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Law & European Studies What role do the mass media play in the political process in constitutional democracies? Is this to be welcomed?

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Laura Barrie Law & European Studies What role do the mass media play in the political process in constitutional democracies? Is this to be welcomed? When the Polish Union leader Lech Walesa was asked what effect Radio Free Europe had had on Solidarity's activities in Communist Poland, he responded, "Would there be earth without the sun?" A spokesman for the democratic "No" opposition that upset the Chilean dictator Augusto Pinochet in a plebiscite remarked, "In fifteen minutes of television time, we destroyed fifteen years of government publicity for the dictatorship." The Chinese Communist Party General Secretary Jiang Zemin, stated that Tiananmen Square illustrated the "chaos" that will result "if the tools of public opinion are not tightly controlled in the hands of true Marxists." In an address at Harvard University, Alexander Solzhenitsyn declared that "the press has become the greatest power within the Western countries, more powerful than the legislature, the executive, and the judiciary."' Leaders of every nation, north and south, rich and poor, free and not free, acknowledge the power of the mass media to influence and shape the politics of their nation. ...read more.


Before the guns of August 1914 began, national leaders essentially depended upon personal couriers. Shortly after the signing of the Treaty of Versailles in 1920, diplomats and politicians began to realize that it was possible to communicate directly with the people through radio. Television broadcasting took a little longer, emerging after the Second World War. The coronation of the Queen initiated thousands of television set purchases in Britain; it was at this time that it too became part of the mass media. It has evolved to become the most powerful tool, for many viewers, television reality is the only reality. If television is not there to record and transmit, the demonstration did not happen, the candidate did not speak, the election did not occur. Due to its sheer power Governments have attempted to control television by various methods, some countries, like Israel and South Africa, have even attempted to do without television at all. Even traditional socialist countries such as Scandinavia, initially followed a policy of controlled television programming, believing that they knew best what people should watch. Even here in Britain television is still in some regards controlled. ...read more.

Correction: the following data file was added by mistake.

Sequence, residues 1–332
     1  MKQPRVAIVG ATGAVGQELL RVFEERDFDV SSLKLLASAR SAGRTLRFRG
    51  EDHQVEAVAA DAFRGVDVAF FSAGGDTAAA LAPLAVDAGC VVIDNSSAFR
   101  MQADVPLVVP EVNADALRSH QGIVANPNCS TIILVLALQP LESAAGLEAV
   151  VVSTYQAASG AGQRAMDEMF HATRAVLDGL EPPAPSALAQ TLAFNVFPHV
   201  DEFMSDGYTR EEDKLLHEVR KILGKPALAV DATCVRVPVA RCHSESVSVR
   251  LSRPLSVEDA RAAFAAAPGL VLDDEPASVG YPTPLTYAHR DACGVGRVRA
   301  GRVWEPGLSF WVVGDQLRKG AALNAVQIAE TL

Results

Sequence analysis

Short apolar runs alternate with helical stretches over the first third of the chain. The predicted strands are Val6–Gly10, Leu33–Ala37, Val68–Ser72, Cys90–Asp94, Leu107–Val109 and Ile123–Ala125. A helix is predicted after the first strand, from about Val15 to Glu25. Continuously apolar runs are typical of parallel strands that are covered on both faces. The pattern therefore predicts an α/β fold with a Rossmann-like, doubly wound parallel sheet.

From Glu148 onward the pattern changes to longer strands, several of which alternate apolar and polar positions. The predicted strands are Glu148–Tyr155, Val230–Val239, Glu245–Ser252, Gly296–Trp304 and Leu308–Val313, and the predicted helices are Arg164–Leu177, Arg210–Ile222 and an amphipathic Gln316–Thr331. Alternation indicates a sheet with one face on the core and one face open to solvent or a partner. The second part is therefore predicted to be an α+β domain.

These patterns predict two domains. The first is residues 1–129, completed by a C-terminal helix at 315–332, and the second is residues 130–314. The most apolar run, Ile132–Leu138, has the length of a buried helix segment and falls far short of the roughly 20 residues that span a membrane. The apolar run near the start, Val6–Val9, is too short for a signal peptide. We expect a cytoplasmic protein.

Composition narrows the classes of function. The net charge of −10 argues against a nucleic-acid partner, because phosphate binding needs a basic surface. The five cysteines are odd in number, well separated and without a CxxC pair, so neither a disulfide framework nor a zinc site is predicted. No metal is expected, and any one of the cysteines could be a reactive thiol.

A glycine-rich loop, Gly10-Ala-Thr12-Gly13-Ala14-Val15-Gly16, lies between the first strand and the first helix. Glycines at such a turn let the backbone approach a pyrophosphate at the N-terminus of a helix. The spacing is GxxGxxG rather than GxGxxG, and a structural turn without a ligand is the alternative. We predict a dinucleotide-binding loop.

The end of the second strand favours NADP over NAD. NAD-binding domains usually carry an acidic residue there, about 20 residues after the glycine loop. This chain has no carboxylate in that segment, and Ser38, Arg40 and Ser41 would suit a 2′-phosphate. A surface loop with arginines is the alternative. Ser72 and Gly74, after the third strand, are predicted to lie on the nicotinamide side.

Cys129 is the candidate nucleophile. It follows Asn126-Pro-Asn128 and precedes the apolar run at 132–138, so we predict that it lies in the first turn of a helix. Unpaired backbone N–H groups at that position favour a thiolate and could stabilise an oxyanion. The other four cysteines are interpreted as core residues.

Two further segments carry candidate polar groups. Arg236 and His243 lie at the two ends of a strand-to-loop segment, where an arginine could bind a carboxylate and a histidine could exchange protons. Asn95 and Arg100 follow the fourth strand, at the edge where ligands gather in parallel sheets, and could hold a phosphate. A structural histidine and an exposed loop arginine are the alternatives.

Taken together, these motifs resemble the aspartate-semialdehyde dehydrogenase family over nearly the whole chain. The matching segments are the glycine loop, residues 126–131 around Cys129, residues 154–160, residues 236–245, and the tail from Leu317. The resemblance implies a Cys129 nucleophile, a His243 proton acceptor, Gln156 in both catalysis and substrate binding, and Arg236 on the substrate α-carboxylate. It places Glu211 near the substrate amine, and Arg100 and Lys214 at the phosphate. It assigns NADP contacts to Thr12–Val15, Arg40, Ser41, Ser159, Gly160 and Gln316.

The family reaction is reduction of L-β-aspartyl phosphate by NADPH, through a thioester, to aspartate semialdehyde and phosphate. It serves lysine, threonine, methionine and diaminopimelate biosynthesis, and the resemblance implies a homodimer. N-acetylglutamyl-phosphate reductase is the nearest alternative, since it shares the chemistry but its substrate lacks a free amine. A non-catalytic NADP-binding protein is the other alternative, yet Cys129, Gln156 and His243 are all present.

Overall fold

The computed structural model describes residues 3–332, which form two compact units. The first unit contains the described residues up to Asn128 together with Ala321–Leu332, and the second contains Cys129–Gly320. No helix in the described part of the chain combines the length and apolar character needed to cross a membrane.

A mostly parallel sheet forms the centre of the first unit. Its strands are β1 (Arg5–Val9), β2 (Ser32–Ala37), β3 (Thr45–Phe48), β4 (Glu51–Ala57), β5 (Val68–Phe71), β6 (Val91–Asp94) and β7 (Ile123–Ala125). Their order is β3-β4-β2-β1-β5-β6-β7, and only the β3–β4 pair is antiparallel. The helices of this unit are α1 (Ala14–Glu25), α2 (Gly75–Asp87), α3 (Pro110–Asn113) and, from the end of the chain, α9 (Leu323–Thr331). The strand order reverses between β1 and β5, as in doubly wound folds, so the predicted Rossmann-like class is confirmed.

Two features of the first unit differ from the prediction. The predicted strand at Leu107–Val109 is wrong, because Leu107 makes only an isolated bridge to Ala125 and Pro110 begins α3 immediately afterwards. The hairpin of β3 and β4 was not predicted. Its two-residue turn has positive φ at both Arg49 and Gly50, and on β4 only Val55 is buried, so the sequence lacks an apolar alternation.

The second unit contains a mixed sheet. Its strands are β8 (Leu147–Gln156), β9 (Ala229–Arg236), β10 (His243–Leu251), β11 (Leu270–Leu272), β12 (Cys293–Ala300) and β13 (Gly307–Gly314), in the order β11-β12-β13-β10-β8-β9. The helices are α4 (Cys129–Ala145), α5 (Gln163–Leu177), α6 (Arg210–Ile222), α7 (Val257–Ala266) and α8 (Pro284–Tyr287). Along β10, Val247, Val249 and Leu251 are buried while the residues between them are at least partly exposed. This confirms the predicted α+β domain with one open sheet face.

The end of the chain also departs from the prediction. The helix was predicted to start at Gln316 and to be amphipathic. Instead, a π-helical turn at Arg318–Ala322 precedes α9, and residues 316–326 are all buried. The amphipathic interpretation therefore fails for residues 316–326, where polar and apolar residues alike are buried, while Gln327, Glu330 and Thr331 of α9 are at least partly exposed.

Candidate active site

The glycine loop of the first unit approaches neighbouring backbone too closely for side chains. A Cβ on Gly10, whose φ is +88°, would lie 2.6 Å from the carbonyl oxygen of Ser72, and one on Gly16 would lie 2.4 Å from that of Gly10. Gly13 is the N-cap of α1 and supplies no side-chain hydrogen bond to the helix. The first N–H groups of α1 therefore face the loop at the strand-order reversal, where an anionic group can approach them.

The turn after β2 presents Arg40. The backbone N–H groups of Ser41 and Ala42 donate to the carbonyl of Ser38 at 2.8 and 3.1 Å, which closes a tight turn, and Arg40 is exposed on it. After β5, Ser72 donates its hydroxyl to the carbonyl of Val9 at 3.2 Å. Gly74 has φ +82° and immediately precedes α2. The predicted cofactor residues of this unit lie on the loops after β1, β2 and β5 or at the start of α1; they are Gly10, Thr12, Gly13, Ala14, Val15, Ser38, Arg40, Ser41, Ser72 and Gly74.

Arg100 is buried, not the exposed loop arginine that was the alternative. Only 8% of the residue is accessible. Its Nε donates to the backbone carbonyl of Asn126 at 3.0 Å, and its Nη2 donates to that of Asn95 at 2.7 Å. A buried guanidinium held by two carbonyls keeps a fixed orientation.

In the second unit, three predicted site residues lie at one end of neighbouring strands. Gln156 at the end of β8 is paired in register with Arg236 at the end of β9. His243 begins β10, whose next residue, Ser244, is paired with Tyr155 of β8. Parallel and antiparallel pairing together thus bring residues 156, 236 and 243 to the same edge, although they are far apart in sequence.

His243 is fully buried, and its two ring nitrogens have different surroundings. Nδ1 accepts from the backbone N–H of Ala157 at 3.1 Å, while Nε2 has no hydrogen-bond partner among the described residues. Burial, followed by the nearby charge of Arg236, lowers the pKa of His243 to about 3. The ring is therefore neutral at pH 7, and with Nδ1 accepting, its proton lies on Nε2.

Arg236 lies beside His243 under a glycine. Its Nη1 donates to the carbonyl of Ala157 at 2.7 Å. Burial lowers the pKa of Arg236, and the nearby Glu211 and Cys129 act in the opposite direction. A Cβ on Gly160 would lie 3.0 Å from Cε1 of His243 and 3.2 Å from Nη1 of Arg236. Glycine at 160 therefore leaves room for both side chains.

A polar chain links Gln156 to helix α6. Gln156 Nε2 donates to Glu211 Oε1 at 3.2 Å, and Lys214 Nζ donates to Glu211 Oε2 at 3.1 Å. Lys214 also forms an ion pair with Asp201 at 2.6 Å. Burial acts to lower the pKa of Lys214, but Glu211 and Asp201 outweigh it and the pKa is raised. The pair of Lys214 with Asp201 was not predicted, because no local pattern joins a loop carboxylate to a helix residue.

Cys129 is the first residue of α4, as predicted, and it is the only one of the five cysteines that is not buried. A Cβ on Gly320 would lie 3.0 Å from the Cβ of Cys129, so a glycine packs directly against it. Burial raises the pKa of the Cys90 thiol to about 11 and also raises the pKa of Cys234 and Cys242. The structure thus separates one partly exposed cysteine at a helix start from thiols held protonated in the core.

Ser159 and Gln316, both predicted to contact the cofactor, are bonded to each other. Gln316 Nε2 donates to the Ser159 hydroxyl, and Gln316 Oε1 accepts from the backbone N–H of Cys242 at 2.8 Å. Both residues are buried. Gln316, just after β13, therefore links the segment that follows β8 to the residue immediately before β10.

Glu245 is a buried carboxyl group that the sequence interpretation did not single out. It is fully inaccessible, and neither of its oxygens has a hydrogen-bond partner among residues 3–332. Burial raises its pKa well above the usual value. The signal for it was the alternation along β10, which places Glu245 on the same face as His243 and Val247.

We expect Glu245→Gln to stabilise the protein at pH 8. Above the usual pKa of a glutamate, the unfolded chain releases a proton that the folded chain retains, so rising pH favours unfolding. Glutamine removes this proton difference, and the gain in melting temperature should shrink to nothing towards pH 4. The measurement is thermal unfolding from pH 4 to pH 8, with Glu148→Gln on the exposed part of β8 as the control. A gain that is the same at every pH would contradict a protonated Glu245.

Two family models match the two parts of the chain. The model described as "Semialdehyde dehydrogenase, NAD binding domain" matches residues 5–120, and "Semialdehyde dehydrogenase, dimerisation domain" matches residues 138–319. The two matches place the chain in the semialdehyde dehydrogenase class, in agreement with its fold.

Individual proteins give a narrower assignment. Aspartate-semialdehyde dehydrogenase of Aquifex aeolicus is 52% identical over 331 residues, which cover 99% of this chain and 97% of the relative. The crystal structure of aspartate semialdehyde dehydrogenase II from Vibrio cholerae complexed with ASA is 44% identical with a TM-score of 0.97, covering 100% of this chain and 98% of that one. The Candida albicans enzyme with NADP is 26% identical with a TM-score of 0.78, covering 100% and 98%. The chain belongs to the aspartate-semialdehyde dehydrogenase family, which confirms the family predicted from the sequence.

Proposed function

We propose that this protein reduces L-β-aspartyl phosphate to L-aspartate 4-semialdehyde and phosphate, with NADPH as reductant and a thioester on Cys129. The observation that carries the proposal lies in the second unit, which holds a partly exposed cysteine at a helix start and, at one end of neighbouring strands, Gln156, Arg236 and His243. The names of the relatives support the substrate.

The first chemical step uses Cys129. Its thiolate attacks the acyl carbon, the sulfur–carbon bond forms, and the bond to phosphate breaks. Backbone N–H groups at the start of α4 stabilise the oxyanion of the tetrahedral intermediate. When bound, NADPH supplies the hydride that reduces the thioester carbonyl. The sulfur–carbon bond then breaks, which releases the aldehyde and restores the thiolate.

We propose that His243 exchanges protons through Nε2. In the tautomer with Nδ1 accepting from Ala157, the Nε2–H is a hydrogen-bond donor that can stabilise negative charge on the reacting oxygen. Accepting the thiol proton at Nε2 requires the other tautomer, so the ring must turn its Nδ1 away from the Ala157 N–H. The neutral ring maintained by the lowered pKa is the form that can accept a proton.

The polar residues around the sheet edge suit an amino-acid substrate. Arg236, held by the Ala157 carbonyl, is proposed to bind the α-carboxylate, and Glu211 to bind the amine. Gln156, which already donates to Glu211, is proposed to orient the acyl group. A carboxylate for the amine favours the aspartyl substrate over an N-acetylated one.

Governing parties, in particular, devote considerable attention to informing, cultivating and seeking to influence journalists whose reports achieve national coverage. The humble government press office, now populated by highly paid spin-doctors, has never been more important. With such an important role in today's society should they be more closely monitored to prevent unscrupulous stories or political coverage? Is there a need for more ethics in the mass media? Or does the mass media confront the truth and demand answers? Lincoln understood how essential the press is to politics and government commenting: 'with public sentiment, nothing can fail; without it nothing can succeed. Consequently he who moulds public sentiment, goes deeper than he who enacts statutes or pronounces decisions.' Given this power to affect success or failure, the standards and decisions of journalists warrant as much attention as those of lawyers physicians, business leaders, union leaders or academics. It will not suffice for journalists to promise fairness, balance and accountability. One must ask the question what philosophy is going to guide their fairness and sustain that accountability, not just to readers, viewers, peers and employers, but to society. Bibliograpy: Comparative Government & Politics Rod Hague & Martin Harrop. Mediapolitik Lee Edwards. Collected Works Of Abraham Lincoln vol.3 Rutgers University Press. How The Press Affects Federal Policy Making Martin Linsky. 1 ...read more.

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